Mayan religion beliefs
While spiritual practices of the modern day Maya have incorporated aspects of Roman Catholicism due to Spanish influence, much of the ancient religion remains unclear. For one, we do not yet have a strong understanding of ancient Mayan religion through an ideological basis. What is left of any religious documents suggest that it was highly ritual based. The destruction of most written Mayan texts by Spanish settlers, as well as the erosion of hieroglyphic inscriptions from the stone fixtures they are found on, limits the number of sources that could offer information on Mayan religious beliefs and practices. Fortunately, some insight into the religious practices of the ancient Maya does exist.
The Mayan religion is based around rituals and practices passed down from their predecessors. They believed that every part of the world contained some sort of soul. Essentially, every part of the natural world was alive, containing its own manifestation of the divine. Houston asserts that the Classic Mayans believed that everything was living; statues were living aspects of their gods, hills could sprout eyes, and that doorways were literal mouths capable of speech (1999). However, unlike Roman Catholicism, there is no unifying belief system embodied in a book or creed (Maya Religion). Instead, religious practices are localized and carried out in slightly different fashions in different regions. Some higher-level religious figures do exist, such as oracles or shaman, who interpret the wishes of the gods. These individuals often lived in remote caves, and the common peasants would make long pilgrimages to hear the will of their gods. The rulers of the Mayans were also essential figures of the religion. Kings were either viewed as demi-gods themselves, or care-takers of the gods. Large temples were constructed in order to tend to the needs of the gods, or even physically house them. In some regions, rulers would sometimes ascend into the temple, and return wearing god-like masks and painted cloaks. They would then dance and perform religious ceremonies, essentially becoming the god and giving it a physical form. (Houston, 1999). Additionally, as care-takers of the gods, the elites bore most of the responsibility for repaying the gods for giving the Mayan people their physical form. Repayment came in the form of praise, dance, incense and most importantly, blood. Blood-letting was a common practice among Mayan elites. The individual would cut him or herself (sometimes on the genitals) and allow the blood to spill onto paper. The paper was then burned so that the blood would rise to the gods. The other major form of giving blood was through sacrifice. The highest form of blood sacrifice was the torture and killing of enemy elites (Houston, 1999). The following image is a painted mural found in the Temple of Murals at the Mayan site of Bonampak.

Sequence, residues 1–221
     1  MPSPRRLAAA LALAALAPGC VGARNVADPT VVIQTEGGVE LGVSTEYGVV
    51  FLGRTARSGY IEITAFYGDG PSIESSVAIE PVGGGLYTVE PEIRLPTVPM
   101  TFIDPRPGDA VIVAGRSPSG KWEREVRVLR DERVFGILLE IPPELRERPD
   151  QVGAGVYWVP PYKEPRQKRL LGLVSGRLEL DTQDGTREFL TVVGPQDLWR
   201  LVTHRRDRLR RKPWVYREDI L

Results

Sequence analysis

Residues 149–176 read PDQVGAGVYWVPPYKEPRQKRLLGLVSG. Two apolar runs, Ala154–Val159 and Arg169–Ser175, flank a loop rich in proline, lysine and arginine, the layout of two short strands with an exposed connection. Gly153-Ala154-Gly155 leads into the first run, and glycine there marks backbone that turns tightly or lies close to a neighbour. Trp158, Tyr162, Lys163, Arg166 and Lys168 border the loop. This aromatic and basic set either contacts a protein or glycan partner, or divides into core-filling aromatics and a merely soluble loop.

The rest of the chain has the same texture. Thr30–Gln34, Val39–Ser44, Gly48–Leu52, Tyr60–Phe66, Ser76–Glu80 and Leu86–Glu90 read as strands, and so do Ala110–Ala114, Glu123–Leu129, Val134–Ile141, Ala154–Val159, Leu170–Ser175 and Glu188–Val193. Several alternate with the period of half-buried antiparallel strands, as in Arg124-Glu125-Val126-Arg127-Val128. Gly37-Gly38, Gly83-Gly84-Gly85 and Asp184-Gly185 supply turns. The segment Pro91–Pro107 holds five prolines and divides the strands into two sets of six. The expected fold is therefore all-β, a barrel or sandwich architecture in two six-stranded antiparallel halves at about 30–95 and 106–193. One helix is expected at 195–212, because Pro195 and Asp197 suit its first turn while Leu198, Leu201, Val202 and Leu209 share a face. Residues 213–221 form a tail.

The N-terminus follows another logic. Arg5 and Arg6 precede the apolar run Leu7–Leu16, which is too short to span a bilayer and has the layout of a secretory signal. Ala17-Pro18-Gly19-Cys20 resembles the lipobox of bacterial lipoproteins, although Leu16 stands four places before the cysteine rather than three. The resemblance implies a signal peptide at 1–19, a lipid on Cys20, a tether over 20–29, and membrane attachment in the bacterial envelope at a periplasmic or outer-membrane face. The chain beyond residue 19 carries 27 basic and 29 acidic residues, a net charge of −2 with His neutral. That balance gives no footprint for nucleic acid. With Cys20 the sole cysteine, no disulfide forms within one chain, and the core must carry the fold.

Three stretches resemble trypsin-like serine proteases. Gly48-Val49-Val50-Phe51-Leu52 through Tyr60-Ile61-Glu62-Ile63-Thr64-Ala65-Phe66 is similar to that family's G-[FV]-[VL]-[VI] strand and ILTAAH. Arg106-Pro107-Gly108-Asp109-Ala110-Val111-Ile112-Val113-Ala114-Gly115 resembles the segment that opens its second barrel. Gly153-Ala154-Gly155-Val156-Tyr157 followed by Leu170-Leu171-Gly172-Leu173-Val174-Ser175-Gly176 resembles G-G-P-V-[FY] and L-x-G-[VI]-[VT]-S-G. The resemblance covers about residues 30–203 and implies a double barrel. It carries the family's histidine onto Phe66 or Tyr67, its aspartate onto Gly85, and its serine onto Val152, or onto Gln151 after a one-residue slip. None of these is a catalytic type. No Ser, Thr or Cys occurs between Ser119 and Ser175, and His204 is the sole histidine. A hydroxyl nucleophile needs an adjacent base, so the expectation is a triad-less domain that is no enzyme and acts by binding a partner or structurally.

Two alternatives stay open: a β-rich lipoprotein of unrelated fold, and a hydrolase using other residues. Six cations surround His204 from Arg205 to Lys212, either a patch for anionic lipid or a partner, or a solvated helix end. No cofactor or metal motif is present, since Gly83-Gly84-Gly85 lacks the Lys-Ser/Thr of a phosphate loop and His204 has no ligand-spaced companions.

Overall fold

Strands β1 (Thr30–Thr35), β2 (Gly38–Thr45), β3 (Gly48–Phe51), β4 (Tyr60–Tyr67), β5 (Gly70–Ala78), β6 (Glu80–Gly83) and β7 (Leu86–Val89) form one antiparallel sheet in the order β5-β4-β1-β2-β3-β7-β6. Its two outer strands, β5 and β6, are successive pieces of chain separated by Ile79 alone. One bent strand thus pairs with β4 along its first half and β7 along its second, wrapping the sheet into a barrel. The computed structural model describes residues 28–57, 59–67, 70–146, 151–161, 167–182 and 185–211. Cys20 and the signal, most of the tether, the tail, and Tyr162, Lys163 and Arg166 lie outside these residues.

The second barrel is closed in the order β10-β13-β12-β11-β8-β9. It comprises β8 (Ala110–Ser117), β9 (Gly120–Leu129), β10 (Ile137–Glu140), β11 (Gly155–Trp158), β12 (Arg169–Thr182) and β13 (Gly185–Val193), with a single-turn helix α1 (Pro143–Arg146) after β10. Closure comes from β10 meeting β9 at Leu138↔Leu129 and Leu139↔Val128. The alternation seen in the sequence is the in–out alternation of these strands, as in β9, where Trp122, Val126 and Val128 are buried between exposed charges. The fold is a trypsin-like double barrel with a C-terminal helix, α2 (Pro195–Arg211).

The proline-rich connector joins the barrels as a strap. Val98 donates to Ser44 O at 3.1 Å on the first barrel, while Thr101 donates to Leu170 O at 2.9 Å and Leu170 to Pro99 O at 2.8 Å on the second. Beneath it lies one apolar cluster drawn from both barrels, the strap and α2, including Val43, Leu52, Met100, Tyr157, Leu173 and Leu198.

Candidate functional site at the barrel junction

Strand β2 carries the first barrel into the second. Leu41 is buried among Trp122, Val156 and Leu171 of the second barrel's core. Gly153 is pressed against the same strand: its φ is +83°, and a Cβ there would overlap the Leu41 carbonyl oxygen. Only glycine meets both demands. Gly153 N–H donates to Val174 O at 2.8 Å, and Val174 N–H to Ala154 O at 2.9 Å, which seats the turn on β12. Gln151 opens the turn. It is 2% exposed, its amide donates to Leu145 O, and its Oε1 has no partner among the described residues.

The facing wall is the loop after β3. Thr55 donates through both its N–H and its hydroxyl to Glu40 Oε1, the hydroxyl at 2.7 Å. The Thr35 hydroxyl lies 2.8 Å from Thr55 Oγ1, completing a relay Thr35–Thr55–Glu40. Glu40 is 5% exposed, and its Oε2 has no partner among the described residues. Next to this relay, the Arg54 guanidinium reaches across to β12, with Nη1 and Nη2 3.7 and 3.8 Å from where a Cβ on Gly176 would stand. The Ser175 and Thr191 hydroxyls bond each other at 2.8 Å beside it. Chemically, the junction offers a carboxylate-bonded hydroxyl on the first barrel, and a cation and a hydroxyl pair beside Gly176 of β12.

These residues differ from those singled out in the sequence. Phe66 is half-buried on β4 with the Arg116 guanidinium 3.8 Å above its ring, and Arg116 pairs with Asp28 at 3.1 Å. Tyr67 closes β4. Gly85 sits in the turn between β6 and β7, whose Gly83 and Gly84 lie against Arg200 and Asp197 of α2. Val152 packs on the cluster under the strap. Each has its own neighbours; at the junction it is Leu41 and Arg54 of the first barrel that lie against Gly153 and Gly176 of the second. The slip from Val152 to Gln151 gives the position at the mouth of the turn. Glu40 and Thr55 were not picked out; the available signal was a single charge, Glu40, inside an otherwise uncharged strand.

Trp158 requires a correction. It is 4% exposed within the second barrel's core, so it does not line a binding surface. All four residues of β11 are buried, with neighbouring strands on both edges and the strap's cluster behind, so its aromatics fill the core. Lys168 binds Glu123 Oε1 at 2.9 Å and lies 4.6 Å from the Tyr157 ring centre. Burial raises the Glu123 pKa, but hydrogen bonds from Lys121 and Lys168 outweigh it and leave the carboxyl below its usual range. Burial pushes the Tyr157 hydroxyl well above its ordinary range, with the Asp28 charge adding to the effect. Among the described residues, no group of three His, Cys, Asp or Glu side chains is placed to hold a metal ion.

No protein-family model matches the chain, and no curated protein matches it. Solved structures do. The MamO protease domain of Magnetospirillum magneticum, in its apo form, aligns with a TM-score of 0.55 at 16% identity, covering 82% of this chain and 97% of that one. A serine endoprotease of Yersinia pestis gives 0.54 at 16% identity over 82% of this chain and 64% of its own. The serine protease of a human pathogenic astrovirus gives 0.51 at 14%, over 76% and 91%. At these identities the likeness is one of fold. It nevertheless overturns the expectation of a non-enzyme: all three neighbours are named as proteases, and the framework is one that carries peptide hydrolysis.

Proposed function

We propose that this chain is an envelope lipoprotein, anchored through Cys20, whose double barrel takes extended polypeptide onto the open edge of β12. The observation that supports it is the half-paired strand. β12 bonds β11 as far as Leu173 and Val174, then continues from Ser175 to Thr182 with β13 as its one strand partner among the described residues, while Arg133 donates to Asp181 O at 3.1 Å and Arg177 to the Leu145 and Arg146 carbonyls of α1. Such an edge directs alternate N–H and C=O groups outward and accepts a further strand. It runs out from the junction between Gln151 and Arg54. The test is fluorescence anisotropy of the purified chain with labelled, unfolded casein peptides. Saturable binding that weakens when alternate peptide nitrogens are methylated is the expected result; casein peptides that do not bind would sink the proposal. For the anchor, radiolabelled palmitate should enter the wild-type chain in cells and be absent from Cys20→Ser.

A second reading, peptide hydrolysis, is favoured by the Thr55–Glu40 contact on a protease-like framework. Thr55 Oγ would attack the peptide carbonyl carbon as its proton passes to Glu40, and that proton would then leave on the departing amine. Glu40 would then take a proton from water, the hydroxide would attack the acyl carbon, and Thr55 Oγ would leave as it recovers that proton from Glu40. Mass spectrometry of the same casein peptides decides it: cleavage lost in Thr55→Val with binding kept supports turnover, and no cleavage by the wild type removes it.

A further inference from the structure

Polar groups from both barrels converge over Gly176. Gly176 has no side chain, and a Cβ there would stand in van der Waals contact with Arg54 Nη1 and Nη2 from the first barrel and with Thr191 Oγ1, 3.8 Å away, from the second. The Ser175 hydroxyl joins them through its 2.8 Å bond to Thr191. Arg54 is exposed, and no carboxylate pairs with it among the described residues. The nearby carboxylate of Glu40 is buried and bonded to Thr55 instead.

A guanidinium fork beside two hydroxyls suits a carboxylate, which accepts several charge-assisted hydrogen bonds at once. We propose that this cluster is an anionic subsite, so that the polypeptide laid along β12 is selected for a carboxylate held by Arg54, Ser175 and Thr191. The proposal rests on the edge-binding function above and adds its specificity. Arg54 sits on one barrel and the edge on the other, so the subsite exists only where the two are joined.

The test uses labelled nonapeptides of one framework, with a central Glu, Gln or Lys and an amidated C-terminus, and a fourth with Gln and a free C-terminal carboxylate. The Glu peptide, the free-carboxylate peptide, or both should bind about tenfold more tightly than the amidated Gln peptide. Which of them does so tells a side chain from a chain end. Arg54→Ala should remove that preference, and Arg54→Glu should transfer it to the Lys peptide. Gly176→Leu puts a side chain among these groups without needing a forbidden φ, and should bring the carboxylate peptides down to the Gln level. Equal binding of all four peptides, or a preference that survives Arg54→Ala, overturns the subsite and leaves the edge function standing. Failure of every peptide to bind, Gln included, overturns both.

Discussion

It depicts the torturing and killing of captive enemy warriors. Behind the mural, archaeologists found a headless skeleton, adorned with jade earrings and a jade necklace (Roach 2010). This implies the torture and killing of an enemy elite as a sacrifice to the gods.
Mythology of the American Nations: An Illustrated Encyclopedia Of The Gods, Heroes, Spirits, Sacred Places, Rituals And Ancient Beliefs Of The North ... Indian, Inuit, Aztec, Inca And Maya Nations
Book (Lorenz Books)